Abner Ravenwood had nothing to do with the journal delivered at the University of Chicago.
Just to get you up to speed, the University of Chicago received a mysterious package in the mail last week addressed to Henry Walton Jones, Jr. - yeah, that Dr. Jones. The package contained a spot-on replica of the journal of Ravenwood that Indiana Jones used in Raiders of the Lost Ark. The envelope had the correct address, with the zip code handwritten it, and there were postal marks and stamps that made it look like it had an Egyptian origin. Theories as to what the package meant flew across the interwebs - Is this an ARG marketing another movie? Was it some student's crazy application? - and the University of Chicago set up an email tip line to discover what they could and did some digging on their own. Much to everyone's collective dismay, the journal was apparently created by a prop replica artist named Paul Charfauros, who lives in Guam. The mysterious package was just one of his Ebay transactions lost in the mail on its way to a buyer in Italy.
The package had an exterior box, but the shell was damaged and removed. Inside was the manila envelope with the fake Egyptian postage and the incomplete address of the University of Chicago on it. "Somewhere between Guam and Italy the replica fell out of its original external package and was lost in Honolulu, Hawaii," reported Garrett Brinker, director of undergraduate outreach at the University of Chicago. "Then for some reason, with fake postage, no tracking, not even a zip code - it looks like the Postal Service had to manually write in a zip code on the package - somehow without all of that, the package landed in our laps in Chicago, Illinois."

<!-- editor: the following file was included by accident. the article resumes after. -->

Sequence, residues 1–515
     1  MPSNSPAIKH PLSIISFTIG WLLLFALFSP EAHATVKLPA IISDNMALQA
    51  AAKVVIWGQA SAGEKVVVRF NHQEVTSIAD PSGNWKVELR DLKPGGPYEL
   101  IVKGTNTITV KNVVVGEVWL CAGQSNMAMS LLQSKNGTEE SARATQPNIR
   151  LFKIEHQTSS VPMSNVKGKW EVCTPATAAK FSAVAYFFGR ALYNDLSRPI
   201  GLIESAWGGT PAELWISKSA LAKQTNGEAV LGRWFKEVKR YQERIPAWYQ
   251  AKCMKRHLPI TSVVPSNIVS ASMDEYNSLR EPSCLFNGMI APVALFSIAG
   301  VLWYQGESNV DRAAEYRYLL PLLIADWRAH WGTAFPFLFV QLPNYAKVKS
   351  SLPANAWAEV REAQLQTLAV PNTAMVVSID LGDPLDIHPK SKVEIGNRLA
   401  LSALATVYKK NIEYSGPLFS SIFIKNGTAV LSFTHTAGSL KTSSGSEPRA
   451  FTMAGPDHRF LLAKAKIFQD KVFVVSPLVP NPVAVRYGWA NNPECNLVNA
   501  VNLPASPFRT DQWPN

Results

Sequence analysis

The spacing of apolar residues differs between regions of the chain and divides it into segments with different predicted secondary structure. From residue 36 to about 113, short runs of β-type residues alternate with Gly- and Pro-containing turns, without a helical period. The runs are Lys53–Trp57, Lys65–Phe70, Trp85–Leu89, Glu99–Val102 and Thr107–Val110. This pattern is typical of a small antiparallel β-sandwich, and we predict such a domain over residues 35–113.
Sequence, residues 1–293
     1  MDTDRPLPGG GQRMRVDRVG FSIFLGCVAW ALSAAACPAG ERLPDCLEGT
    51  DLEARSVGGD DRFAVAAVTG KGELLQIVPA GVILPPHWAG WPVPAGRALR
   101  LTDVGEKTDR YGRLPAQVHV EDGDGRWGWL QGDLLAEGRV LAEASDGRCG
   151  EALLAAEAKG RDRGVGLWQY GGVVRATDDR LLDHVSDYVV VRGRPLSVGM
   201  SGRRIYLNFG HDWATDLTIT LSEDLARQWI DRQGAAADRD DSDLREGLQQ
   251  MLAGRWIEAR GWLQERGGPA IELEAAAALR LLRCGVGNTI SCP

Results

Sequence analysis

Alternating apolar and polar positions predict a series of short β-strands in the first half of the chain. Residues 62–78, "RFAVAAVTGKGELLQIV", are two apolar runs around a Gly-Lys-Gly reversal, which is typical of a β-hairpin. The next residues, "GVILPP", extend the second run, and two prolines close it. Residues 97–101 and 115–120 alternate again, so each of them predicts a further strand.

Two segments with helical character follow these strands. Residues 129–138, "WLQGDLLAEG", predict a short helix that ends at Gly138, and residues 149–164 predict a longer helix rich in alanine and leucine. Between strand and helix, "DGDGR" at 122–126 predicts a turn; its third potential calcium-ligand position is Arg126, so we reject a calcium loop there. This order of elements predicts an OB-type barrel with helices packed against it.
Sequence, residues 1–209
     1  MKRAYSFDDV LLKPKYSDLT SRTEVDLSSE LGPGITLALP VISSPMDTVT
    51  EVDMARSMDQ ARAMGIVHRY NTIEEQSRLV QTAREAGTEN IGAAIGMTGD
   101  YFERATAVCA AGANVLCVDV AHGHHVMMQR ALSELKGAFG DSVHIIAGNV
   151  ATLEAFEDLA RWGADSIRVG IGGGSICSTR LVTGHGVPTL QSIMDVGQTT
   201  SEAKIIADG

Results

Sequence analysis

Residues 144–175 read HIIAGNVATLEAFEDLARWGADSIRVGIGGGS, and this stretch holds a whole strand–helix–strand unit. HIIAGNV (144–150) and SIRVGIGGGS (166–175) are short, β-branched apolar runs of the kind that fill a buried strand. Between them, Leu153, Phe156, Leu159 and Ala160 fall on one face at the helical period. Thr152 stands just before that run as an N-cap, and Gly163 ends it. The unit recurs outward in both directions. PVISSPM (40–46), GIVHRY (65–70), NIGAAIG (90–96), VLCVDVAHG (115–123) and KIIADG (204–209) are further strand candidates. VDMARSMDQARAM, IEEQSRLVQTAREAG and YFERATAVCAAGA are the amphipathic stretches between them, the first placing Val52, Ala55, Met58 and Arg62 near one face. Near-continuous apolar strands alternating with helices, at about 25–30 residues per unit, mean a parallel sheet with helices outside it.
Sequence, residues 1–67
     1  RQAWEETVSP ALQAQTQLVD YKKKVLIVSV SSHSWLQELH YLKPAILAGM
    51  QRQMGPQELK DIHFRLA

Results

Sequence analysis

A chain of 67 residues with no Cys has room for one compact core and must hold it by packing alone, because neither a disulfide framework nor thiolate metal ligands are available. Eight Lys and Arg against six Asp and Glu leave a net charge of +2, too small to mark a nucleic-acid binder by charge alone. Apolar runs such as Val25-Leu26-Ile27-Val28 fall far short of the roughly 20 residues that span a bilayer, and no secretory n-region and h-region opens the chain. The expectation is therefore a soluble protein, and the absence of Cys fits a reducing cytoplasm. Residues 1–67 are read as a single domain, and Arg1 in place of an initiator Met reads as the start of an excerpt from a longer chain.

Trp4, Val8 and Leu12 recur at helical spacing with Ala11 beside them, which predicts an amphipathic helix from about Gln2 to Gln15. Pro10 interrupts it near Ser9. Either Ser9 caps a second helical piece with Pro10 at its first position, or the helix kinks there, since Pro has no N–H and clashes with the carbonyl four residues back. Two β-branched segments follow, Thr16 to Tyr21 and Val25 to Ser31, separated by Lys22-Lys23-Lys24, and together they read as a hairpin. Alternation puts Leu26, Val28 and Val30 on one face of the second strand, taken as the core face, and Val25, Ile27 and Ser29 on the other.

Paul Charfauros received a letter from the Post Office in Hawaii which informed him that one of his packages had been damaged. Around the same time, Brinker contacted him to ask whether the journal was his. So it wasn't a massive ARG or a publicity stunt by the new LucasFilm owners Disney to revitalize the Indiana Jones property. It was just something lost in the mail. Sigh.
Well, Charfauros said he was making his customer in Italy a new journal and that the University of Chicago was welcome to keep the one they mistakenly received. "It will find its home either in the Oriental Institute at UChicago or the Special Collections at the Regenstein Library," read the University's Tumblr updating the situation. "Because, as many have noted, 'It belongs in a museum!'."
That sounds about right.